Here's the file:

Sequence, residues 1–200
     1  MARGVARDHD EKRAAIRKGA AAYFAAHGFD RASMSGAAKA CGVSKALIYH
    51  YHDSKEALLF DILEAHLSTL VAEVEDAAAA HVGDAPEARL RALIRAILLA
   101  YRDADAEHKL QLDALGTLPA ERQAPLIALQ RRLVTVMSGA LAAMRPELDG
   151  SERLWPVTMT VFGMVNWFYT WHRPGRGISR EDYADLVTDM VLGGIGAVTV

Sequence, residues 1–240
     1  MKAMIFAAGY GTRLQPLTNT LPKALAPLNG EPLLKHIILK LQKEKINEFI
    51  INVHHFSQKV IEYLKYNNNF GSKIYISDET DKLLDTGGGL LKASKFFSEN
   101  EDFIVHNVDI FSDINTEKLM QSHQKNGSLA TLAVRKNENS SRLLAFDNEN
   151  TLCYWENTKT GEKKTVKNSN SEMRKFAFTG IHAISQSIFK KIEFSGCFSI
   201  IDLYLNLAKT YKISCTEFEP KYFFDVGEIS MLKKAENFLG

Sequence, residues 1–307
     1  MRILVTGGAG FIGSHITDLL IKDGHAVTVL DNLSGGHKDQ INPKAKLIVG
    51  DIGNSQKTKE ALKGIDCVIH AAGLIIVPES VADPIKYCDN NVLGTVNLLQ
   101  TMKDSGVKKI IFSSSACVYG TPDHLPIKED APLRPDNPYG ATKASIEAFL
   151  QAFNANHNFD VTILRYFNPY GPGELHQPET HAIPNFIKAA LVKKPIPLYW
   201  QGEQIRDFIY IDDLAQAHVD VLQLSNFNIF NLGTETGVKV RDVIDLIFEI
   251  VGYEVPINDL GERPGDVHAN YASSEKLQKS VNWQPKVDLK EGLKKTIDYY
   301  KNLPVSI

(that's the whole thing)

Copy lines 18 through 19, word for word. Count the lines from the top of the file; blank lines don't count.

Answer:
   251  VGYEVPINDL GERPGDVHAN YASSEKLQKS VNWQPKVDLK EGLKKTIDYY
   301  KNLPVSI